A shower gel is usually composed of water, surfactants and emulsifiers: this is essential to lather and wash. Then several ingredients are often added, such as texturing agents, which give the consistency of a gel, “lather boosters”, which make it more or less abundant and persistent, chelating agents, which act by sequestering limestone…and possibly hydrating and wetting actives, which can preserve skin hydration weakened by repeated washing, more or less pearly colorants to confer an attractive colour to the product, a perfume, a few additional ingredients such as plant extracts, or a bit of vegetable oils for a touch of skincare… and of course, most often, preservatives to protect the product against bacterial proliferation.
A real shower gel is not a liquid soap, therefore it does not contain any saponified ingredient, which implies it should have better skin tolerance, and also limit the aggression of the protective hydrolipidic film of the epidermis. Yet is this a sufficient guarantee of quality?
Reading the formula
Of course, all shower gels wash, and even do it quite well.
However, there can always be a few surprises when reading the list of ingredients, or when using them in the shower. Indeed they are not all worth the same, and the differences between a “good” shower gel and one that can be left without any regret in store, often come from the quality of the ingredients used.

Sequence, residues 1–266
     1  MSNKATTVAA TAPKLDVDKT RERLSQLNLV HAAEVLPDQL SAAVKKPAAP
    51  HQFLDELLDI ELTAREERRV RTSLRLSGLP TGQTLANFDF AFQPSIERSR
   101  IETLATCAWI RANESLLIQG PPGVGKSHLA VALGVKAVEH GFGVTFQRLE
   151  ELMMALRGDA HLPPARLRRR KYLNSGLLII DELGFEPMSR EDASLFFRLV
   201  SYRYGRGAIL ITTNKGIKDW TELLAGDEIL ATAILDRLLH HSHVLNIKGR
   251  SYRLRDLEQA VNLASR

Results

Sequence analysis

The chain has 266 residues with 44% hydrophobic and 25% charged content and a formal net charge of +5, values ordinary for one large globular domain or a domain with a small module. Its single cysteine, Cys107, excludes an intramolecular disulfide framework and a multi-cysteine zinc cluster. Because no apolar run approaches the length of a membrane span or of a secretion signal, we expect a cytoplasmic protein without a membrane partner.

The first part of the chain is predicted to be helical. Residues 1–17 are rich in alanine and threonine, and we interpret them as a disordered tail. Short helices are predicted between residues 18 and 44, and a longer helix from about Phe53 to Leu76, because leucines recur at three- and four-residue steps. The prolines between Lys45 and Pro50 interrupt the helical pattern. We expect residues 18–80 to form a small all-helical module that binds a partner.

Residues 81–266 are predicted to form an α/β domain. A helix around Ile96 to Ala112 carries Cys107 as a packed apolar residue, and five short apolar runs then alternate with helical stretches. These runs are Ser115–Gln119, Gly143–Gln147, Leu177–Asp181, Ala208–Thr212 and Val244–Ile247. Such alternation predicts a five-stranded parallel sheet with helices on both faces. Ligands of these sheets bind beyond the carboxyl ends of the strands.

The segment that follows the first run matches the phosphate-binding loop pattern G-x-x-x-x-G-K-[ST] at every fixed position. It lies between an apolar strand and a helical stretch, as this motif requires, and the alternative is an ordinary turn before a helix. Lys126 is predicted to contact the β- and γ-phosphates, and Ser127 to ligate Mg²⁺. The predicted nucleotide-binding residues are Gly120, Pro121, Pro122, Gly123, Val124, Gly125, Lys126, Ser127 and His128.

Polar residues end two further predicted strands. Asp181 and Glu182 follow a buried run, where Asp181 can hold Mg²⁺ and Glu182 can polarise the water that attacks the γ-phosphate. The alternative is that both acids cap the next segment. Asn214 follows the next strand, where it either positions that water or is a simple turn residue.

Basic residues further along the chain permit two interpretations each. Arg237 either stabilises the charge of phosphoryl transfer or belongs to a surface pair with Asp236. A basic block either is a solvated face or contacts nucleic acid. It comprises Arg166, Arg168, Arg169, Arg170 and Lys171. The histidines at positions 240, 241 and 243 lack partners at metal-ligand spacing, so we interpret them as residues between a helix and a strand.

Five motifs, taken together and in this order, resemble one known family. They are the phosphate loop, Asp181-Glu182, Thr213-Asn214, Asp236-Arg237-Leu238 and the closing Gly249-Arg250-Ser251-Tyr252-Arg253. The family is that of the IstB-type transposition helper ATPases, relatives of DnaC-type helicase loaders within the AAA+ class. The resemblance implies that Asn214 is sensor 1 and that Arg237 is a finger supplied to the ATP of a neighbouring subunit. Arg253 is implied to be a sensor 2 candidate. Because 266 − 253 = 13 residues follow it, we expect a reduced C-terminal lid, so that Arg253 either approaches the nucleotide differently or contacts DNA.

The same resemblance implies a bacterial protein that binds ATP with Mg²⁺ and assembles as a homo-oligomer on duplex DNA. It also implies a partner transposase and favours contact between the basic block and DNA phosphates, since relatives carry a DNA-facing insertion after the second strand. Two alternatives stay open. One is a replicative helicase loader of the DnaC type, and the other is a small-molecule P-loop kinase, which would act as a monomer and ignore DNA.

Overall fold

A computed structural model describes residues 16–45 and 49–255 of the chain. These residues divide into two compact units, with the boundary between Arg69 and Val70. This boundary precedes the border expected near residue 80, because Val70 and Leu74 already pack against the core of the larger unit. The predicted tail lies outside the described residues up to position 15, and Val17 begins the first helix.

The aqueous phase
The most basic aqueous phase only consists of water, which must satisfy the obvious cleanliness and purity criteria required by the cosmetic industry.
This neutral base… may become active when replaced, at least partially, with floral water, which confers some of the properties of the plants it was derived from: soothing, refreshing or stimulating waters are the most frequently used.
Their quality is essential for the skin tolerance of the product. Some of them, such as cationic and anionic ones, may prove quite aggressive to the epidermis. Bad luck: they are also those which provide the most beautiful lathers, and are the least expensive for manufacturers, which is why they can be found more often than we would want them to in shower gel formulas. On the other hand, nonionic and amphoteric surfactants are known for being much more gentle for the skin.